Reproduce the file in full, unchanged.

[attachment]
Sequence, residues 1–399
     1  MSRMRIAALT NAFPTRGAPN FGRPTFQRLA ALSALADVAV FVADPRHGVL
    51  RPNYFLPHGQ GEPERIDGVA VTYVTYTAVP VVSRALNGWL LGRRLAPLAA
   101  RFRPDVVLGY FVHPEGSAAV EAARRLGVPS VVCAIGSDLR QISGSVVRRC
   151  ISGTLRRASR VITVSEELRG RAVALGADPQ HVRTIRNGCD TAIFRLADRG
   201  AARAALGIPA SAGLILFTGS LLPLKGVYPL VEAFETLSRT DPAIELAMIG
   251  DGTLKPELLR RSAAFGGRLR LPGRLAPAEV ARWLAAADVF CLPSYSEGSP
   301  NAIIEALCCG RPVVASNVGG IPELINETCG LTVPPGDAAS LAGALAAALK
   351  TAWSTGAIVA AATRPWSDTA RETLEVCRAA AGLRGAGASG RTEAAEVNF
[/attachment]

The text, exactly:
Sequence, residues 1–399
     1  MSRMRIAALT NAFPTRGAPN FGRPTFQRLA ALSALADVAV FVADPRHGVL
    51  RPNYFLPHGQ GEPERIDGVA VTYVTYTAVP VVSRALNGWL LGRRLAPLAA
   101  RFRPDVVLGY FVHPEGSAAV EAARRLGVPS VVCAIGSDLR QISGSVVRRC
   151  ISGTLRRASR VITVSEELRG RAVALGADPQ HVRTIRNGCD TAIFRLADRG
   201  AARAALGIPA SAGLILFTGS LLPLKGVYPL VEAFETLSRT DPAIELAMIG
   251  DGTLKPELLR RSAAFGGRLR LPGRLAPAEV ARWLAAADVF CLPSYSEGSP
   301  NAIIEALCCG RPVVASNVGG IPELINETCG LTVPPGDAAS LAGALAAALK
   351  TAWSTGAIVA AATRPWSDTA RETLEVCRAA AGLRGAGASG RTEAAEVNF